Growing Up

Three students at our local middle school were arrested this week.

Three high school students have been to the E.R. for treatment of alcohol and drug overdoses, and it’s only 8 weeks into the school year.

How about someone being wheeled out of school on a stretcher with alcohol poisoning?

Across from our local high school, there is a street corner commonly known as The Drug Corner.


This is the part of the story where you probably think “thank God my kids go to better schools than his kids do”, or “Hal really needs to move to a better area”.

There isn’t a better school system in the state of Pennsylvania.  Newsweek has ranked our high school as one of the top 50 high schools in the country (out of 20,000 high schools), three years in a row. Our school district was just ranked the #4 school district in the United States of America by

The young people that I described above, and their challenges, are no different than the young people where you live.


When my extended family gets together for meals and parties, our stories sometimes turn to when we were younger.  The stories we tell are divided into three categories:

1) The trouble we got into that everyone knows about,

2) The trouble we got into that no one knows about,

3) The trouble we should have gotten into, but weren’t caught.

In other words, We were not angels.


Growing up in 2015 is difficult.  In addition to all of the challenges that have existed since the dawn of time (or when I was a teenager, which happened at the dawn of time, if you ask my daughters), young people now live in a totally different age.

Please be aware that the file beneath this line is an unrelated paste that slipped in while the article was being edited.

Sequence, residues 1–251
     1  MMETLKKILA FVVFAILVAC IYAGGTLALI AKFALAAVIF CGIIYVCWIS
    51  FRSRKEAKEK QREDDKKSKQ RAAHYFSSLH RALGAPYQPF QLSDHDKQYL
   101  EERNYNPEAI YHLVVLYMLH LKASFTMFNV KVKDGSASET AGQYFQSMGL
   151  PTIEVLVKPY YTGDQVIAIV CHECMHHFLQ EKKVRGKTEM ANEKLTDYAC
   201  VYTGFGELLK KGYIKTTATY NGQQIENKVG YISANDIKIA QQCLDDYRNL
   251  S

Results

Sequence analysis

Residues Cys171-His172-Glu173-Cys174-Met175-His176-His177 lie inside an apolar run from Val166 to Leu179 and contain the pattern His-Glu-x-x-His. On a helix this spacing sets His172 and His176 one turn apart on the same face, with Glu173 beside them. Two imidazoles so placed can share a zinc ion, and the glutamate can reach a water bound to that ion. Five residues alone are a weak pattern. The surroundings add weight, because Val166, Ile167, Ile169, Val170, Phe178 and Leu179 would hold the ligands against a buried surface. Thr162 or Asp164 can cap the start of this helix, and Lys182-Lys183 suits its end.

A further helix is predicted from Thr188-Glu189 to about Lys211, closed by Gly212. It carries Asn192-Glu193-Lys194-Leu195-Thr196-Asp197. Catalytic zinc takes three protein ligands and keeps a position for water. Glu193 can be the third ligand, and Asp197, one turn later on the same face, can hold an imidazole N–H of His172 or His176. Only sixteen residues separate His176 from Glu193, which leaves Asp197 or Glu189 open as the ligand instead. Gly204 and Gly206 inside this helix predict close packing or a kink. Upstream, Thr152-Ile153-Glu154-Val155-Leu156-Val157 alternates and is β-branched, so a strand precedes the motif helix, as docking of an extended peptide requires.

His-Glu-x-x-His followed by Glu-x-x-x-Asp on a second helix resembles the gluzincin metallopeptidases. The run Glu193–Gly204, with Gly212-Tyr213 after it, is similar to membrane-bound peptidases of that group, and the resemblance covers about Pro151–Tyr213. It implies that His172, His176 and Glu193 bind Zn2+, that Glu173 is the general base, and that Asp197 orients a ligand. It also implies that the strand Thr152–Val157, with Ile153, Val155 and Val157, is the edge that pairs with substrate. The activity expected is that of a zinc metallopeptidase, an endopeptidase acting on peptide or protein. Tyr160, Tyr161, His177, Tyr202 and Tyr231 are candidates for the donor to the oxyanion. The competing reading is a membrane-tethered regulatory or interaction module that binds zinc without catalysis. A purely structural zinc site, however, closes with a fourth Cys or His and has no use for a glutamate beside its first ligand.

The good news is that they have access to improved information  and social media that help them to connect in a way I could never have imagined.

The bad news is that all of their behavior on social sites is recorded forever.  I cannot imagine what my life would be like if I had recorded all of my misadventures on social media when I was 16.

There would be a lot of explaining to do.


Bruce Springsteen wrote a song called “Growin’ Up” in 1973. He was young when he wrote it.   In the middle of his performances of the song, he would tell stories about his youth.  His stories were often frustrated, angry ones about conflict with his parents, and his struggle to achieve his own identity while living with his parents.

Now that he is grown up (66 years old at last count), his stories about his parents have softened.  He has his own children, and he has the same challenges that every parent has.

Every once in a while, he brings his mother onstage to dance with him.


It is difficult to be the parent of young people who are growing up.  Really difficult.   I once heard someone say “if you really want to appreciate your parents, have children”.

But I think it might be even more difficult to be a teenager in 2015 than it is to be a parent.

Tonight we will have dinner together, and I will tell them that I love them.  Because I do.  Later I will tuck them into bed, and thank God that they are safe and healthy.

That is as close as I can get to dancing onstage with them.



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